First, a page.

The writing in Sweet Disorder is thoughtful and fresh, with a subtle sense of humor woven throughout. The novel takes its title from the poem “Delight in Disorder” by the 17th century poet Robert Herrick. The poem closes with these two couplets: “A careless shoe-string, in whose tie / I see a wild civility; / Do more bewitch me than when art / Is too precise in every part.”

Nick quotes these two couplets during one of the sex scenes, but they serve as more than a charming, seductive line. They also function as a metaphor for Phoebe and Nick’s relationship, and for the book itself: a bewitching, disorderly whole.

As I try to think of what the flaws in this novel might be, I can’t think of many. I don’t enjoy mental lusting in books, although here it’s written with some freshness and there’s a later payoff for it during the earthy, original and character-specific sex scenes in the novel’s last third.

Perhaps too many of the novel’s characters have critical, disapproving or manipulative parents, but this is contrasted by Phoebe’s lovely (if deceased) father, and also ties into the theme of being true to oneself and one’s own needs, rather than to the expectations and needs of others.

A final flaw I can think of is that the epilogue mentions the possibility of reconciliation with a family member I think Nick and Phoebe might be better off keeping at arm’s length.

Other than that I love this book. I love that Phoebe is an ordinary, middle class woman. I love that she is heavy. I love that Nick is not an heir, nor does he ever become the heir. I loved that his limp pains him and that he finds some workarounds for dealing with it, but it is never miraculously cured.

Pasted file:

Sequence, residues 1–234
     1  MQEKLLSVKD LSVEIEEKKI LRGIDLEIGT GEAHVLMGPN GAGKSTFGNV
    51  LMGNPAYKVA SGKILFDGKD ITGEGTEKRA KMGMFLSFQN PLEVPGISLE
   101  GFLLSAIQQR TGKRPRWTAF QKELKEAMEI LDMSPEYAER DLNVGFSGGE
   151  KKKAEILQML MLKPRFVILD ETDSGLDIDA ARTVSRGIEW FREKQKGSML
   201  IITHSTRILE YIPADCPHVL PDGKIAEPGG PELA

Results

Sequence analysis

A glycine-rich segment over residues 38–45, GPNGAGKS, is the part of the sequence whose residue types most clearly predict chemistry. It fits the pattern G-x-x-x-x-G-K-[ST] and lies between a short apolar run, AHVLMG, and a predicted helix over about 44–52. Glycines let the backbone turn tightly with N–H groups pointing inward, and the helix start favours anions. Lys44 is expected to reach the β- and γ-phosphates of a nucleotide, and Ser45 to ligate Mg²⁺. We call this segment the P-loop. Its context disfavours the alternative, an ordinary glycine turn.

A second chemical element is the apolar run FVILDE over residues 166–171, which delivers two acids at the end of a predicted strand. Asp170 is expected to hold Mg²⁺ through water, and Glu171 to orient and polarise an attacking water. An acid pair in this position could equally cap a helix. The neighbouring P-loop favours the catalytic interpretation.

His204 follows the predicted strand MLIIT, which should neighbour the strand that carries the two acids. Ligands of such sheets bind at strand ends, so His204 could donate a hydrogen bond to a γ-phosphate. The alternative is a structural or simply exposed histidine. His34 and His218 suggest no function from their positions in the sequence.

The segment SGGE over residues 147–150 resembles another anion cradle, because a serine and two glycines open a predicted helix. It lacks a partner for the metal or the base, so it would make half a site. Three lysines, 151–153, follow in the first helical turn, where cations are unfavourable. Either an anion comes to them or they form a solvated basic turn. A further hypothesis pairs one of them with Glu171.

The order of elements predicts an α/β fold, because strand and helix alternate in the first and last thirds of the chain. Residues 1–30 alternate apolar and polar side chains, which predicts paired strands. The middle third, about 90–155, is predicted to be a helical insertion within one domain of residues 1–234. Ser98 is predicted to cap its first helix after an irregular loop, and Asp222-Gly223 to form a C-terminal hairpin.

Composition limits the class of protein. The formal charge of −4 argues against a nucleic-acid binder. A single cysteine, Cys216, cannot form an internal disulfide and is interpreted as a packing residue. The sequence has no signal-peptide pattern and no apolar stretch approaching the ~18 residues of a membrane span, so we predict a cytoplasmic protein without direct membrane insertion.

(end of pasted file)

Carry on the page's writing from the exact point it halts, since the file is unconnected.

I loved that Nick and Phoebe bring disorder into the other’s life. They agitate, distract, and fluster each other in the best of ways. The chaos their relationship creates extends from within them to without, and to others. If Phoebe allows herself to fall for Nick, she may endanger her sister’s happiness, and that of Mr. Moon, the anxious baker whose desserts are works of art and whose shop is part of the heart of Phoebe’s town. If Nick allows himself to express his desire for Phoebe, what will happen to the election and to his relationships with his family members?

The novel immerses its readers in the life of the Lively St. Lemeston community, and I loved the minor and secondary characters too. There are more of them than I can mention here, but each person is real, and each is both ordinary and extraordinary. Even the villains, such as they are, are human and unhappy. And all the characters are tied to others, entangled in their community, knit together – if one thread is pulled, everything can unravel.

Is there room for honest desires, then? The book answers with a resounding yes. Phoebe and Nick’s muddle is resolved not through order and obedience, but through the disorder made up of their messy emotions and rebellious epiphanies.

It wasn’t his leg that kept him from feeling like a whole man, he realized. It was something far deeper, a lack within himself. He had never wanted anything with such a bone-deep conviction. Sometimes, it seemed, he could go all day without wanting anything at all.

Like the poet Robert Herrick, I am bewitched. A-.

Sincerely,

Janine